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MSF support to UCLH Covid Care Centre for the homeless has concluded due to significant decrease in patient numbers
In April, 11 MSF staff joined the University College London Hospital (UCLH) Find and Treat team in establishing the UK’s only Covid care facility for people experiencing homelessness.
The project provided rapid testing, accommodation for self-isolation and medical care for members of the London homeless community with suspected or confirmed COVID-19.
MSF brought expertise on outbreak and emergency response, helping the facility to be opened rapidly and safely with nursing and logistical support.
At the time of opening, people with suspected or confirmed COVID-19 had already been identified in several homeless hotels across London and were transferred to the facility for care.
As surveillance in the hotels, other accommodation, and in hospitals continued, people experiencing homelessness with symptoms of COVID-19 were identified and transferred to the Covid Care Centre for testing, isolation, and nursing support.
Find & Treat
As patient numbers in the Covid Care Centre began to decrease, MSF nurses joined UCLH’s Find & Treat teams on their screening programmes. Initially, this was to screen for COVID-19 in homeless accommodation across London, as well as joining the street teams who engage with those still rough sleeping.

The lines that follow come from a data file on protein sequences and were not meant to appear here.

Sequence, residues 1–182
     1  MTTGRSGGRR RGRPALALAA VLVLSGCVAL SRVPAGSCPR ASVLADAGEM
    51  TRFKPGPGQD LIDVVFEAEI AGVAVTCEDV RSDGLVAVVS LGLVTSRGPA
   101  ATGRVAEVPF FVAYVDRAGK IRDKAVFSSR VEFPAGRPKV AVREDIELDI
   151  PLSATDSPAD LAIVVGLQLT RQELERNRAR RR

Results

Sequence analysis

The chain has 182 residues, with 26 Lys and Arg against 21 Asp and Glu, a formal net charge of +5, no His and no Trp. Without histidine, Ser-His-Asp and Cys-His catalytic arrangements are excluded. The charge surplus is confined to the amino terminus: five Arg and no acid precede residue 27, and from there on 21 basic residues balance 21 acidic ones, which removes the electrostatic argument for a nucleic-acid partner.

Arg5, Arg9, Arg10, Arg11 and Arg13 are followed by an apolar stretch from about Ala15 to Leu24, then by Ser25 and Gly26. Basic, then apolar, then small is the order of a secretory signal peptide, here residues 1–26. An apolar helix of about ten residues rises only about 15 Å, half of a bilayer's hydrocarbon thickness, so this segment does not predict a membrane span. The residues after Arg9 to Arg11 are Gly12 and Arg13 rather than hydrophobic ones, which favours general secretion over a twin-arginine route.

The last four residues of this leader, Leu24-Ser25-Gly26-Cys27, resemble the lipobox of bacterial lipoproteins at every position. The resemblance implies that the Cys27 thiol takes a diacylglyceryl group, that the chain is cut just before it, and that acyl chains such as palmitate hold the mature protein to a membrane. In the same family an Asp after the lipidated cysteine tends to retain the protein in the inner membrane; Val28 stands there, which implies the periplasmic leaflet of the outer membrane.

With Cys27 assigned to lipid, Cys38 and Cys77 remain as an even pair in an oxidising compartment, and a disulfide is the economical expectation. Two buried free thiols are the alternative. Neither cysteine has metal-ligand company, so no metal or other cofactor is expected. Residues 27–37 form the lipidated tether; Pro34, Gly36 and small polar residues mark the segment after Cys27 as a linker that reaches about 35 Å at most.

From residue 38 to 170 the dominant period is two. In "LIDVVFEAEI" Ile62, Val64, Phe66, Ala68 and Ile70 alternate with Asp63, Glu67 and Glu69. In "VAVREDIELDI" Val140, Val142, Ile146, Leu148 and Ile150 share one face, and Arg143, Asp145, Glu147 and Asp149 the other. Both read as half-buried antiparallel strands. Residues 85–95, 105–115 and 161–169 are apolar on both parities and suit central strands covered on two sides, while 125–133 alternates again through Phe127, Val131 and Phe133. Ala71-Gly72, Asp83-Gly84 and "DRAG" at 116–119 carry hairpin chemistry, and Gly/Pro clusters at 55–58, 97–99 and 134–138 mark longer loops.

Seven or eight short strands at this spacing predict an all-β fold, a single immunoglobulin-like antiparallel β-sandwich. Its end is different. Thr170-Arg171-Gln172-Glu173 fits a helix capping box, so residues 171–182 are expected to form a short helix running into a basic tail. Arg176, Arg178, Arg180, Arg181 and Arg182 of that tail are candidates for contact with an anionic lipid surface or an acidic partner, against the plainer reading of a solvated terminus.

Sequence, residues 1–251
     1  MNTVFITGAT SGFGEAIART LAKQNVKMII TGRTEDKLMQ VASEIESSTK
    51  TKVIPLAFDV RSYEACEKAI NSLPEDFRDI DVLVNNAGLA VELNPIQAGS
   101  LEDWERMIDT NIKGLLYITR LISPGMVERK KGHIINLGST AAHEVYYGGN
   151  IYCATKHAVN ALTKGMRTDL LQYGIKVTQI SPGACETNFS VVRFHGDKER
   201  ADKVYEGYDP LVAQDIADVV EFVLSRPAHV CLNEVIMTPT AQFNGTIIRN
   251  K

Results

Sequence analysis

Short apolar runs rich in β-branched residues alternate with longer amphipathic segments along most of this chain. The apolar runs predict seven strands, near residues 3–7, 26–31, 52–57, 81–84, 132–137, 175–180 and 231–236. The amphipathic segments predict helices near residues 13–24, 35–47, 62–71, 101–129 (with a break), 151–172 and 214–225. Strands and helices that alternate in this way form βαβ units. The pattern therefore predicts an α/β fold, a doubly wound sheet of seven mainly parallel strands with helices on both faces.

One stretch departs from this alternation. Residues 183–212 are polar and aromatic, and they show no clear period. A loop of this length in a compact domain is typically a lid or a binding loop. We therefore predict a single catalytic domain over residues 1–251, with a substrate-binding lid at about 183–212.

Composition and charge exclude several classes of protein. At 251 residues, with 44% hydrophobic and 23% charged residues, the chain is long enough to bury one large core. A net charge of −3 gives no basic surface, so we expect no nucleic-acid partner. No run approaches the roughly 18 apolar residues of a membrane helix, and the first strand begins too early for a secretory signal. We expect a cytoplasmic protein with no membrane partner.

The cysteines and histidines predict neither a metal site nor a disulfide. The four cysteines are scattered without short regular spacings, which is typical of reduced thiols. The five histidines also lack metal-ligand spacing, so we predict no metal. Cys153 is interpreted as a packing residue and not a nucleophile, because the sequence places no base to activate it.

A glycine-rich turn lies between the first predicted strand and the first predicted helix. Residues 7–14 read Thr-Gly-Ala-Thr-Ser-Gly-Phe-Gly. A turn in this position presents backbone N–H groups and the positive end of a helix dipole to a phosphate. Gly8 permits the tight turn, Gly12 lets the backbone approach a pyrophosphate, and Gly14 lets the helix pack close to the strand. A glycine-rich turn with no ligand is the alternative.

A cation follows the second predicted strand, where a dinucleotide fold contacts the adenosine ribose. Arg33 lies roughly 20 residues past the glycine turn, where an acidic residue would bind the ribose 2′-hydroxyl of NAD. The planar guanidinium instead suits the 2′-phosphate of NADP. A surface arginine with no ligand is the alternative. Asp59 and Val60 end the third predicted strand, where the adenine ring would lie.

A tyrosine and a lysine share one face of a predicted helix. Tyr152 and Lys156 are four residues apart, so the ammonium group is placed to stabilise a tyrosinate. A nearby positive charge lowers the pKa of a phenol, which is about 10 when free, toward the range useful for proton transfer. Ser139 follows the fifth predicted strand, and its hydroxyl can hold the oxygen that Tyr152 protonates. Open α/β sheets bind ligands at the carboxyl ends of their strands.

The screening aimed to identify patients and detect any clusters of cases that may be occurring in this vulnerable population. To date, over 1,300 people experiencing homelessness have been tested for COVID-19 through this approach.
In late May, as the number of positive COVID-19 cases reduced, the Find & Treat teams evolved their screenings to include blood-borne viruses including HIV, hepatitis C, as well as syphilis. These are diseases that people experiencing homelessness are at risk of.
With large numbers of this vulnerable community staying in hotels, it was an opportunity for medical teams to try and engage them within the health system.
MSF staff joined the Find & Treat teams to undertake this screening, with 600 people being fully screened over a two-week period. It is hoped that these screenings will help health services better engage with homeless populations in the longer term.
Ready to provide support
Following this screening period, MSF has now concluded its involvement with the project and members of our nursing team have joined the UCLH team for the coming weeks as the project winds down due to consistently low numbers – in line with the decrease in cases we are seeing across the UK.
This project represented the first time since MSF was founded in 1971 that we were providing medical assistance in the UK.
We intended this to be a short-term project in the UK and now the NHS has more capacity to cope, it is the right time to withdraw our staffing support and continue to focus our work in regions of the world most affected by medical and humanitarian crises.
We remain ready to rapidly increase our support again should the situation deteriorate in the future and we identify critical gaps in the UK response to COVID-19.